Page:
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post #6 of 31 (permalink) Old 09-12-2014, 08:40 PM
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If you are using can be a reducing bushing.
Reduction bushing cause fluctuations in the blade.

Best use blade with hole 5/8-Inch.
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post #7 of 31 (permalink) Old 09-13-2014, 08:49 AM
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Blade makes all the diffeerence, and, I would check the alignment of the fence with the blade. If you've never checked it, it is likely out of adjustment.

Less likely, but I'd check it out anyhow, check that the blade is aligned with the miter slot. Look up how to measure run out, which is a small wobble in the blade as it rotates. Clean the arbor and the surfaces that touch the blade before you check runout. You'll need some sort of gauge to get it exactly right.

This is in part what Stick was speaking about when he said be fussy with your setup. If you don't have a Wixey to check blade angle, I'd get one. Learning to be fussy about all these things Stick was pointing out changed the quality of my work considerably. Last year I replaced my old Delta contractor saw with a Laguna Fusion, and the difference in what it produces and what I had is amazing.

As for blades: For ripping I use a Freud LM74R010 10-Inch 30 Tooth TCG Glue Line Ripping Saw Blade, about $ 75 on Amazon. Smooth as the proverbial baby's behind. For fine cross cutting, I have an 80 tooth Freud blade that is particularly good on flat goods.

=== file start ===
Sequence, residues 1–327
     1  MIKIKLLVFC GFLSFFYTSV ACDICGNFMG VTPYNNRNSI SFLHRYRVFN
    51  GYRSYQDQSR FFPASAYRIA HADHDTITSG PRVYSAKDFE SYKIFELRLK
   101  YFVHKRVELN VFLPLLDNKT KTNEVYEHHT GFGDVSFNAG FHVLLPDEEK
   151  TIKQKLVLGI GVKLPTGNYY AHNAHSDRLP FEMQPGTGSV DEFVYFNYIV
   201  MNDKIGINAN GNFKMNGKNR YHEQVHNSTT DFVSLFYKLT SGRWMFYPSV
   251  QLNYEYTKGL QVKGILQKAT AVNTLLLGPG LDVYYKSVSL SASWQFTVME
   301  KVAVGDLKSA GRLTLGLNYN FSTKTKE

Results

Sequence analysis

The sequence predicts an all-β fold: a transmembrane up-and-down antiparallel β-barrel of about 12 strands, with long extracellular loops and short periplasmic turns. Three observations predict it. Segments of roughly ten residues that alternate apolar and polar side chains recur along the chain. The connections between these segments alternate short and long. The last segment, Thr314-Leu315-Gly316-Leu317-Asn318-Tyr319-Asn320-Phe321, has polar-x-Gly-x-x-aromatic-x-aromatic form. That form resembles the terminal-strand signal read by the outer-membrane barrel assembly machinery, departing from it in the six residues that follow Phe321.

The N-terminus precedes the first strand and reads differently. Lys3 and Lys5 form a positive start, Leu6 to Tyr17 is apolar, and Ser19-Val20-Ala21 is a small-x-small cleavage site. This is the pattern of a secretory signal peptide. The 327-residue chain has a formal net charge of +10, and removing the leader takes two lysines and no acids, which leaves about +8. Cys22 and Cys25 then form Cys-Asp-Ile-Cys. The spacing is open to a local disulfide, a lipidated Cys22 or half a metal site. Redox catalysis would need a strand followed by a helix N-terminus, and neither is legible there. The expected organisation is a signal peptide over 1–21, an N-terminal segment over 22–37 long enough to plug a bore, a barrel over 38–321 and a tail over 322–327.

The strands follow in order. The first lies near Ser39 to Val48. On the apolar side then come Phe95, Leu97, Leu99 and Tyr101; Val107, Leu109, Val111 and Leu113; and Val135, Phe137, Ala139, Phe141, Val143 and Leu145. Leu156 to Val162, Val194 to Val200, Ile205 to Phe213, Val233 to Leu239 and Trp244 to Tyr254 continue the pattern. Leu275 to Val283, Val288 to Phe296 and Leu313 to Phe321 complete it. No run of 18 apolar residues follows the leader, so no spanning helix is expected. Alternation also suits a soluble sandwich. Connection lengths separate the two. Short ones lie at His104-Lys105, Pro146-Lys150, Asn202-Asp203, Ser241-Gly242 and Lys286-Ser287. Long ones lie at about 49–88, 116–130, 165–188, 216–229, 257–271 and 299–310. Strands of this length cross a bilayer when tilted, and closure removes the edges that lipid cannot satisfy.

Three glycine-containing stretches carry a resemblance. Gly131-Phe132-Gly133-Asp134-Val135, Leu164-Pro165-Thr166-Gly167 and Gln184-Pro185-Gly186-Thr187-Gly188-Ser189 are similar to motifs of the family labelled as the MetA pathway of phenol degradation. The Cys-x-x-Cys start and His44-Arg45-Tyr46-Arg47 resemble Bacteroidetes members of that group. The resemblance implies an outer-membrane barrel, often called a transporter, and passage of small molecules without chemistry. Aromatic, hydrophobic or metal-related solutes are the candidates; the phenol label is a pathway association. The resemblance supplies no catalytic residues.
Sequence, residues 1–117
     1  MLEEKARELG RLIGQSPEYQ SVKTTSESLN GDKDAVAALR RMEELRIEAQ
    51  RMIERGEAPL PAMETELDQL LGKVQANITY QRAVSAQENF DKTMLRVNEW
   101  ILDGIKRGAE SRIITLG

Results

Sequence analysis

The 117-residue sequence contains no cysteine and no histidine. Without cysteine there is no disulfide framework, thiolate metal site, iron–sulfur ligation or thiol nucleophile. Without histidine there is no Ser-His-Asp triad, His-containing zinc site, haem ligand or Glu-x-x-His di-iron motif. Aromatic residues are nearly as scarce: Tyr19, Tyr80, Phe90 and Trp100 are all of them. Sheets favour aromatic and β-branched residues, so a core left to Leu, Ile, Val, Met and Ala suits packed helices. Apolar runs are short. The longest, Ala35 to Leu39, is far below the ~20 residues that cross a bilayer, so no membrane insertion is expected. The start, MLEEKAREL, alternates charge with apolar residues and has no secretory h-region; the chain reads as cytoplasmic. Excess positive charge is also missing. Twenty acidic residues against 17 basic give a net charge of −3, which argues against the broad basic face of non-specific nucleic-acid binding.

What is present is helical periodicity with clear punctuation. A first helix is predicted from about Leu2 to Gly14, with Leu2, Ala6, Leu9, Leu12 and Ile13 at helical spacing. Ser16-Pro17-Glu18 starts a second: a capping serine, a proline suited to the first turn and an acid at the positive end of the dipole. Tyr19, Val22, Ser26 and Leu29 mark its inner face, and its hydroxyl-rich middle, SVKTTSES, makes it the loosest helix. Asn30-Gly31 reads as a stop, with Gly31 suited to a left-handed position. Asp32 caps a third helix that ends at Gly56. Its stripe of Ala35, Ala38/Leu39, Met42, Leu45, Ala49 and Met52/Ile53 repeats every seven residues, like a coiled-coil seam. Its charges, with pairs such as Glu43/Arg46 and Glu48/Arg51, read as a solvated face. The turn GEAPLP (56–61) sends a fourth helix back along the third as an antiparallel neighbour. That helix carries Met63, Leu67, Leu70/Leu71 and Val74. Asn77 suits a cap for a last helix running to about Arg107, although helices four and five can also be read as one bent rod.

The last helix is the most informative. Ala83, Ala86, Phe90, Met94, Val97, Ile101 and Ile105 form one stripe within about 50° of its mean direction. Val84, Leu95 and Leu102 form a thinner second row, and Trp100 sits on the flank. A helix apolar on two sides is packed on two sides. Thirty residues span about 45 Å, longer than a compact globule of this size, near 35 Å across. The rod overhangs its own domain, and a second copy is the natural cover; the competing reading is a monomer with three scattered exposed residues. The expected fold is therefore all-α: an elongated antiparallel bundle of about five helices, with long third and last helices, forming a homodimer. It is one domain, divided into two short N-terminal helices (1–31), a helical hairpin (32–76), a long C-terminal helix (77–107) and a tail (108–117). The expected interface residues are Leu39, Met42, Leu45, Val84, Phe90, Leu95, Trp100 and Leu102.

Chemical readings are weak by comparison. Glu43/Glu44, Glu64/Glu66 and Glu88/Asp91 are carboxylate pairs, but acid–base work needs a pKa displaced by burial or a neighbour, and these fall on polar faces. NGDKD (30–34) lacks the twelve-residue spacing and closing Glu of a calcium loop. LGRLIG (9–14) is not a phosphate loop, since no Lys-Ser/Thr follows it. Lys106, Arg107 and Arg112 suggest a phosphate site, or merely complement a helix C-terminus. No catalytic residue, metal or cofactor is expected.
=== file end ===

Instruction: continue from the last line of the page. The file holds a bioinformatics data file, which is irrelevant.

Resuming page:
For general use, I mount the Freud D1050X Diablo 10-Inch 50-tooth ATB Combination Saw Blade. Versatile blade makes clean cuts. I'm all Freud because the HD is the nearest store. Have also been thinking of trying an Irwin Marple blade, but good blades cost plenty and I'm happy with the Freuds mentioned.

Tuning up your tools takes some time, but the difference it makes is worthwhile learning how to do it. Caution, woodworking with well tuned tools is addicting.
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post #8 of 31 (permalink) Old 09-13-2014, 09:17 AM
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Be particular with your set up, certainly. It doesn't matter what blade you are using if the set up isn't square. Then....

Throw away the standard blade and upgrade. I use the Woodworker II from Forrest Manufacturing for all of my cuts. I have 2 of them: when one is dull, it returns to the factory for sharpening. I then take the sharpened one off of the shelf and install it ... until the process repeats.

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post #9 of 31 (permalink) Old 09-13-2014, 09:19 AM
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I second Stick
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post #10 of 31 (permalink) Old 09-13-2014, 09:26 AM
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Make it a 40 tooth carbide tipped or even 60 tooth and check fence alignment